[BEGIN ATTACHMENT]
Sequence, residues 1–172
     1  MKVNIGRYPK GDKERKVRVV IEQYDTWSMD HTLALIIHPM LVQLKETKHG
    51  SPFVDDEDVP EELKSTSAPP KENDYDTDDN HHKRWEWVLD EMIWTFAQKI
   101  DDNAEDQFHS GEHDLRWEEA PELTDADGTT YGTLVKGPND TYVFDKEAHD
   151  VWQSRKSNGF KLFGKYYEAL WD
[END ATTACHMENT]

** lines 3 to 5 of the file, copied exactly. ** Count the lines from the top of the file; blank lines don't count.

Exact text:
    51  SPFVDDEDVP EELKSTSAPP KENDYDTDDN HHKRWEWVLD EMIWTFAQKI
   101  DDNAEDQFHS GEHDLRWEEA PELTDADGTT YGTLVKGPND TYVFDKEAHD
   151  VWQSRKSNGF KLFGKYYEAL WD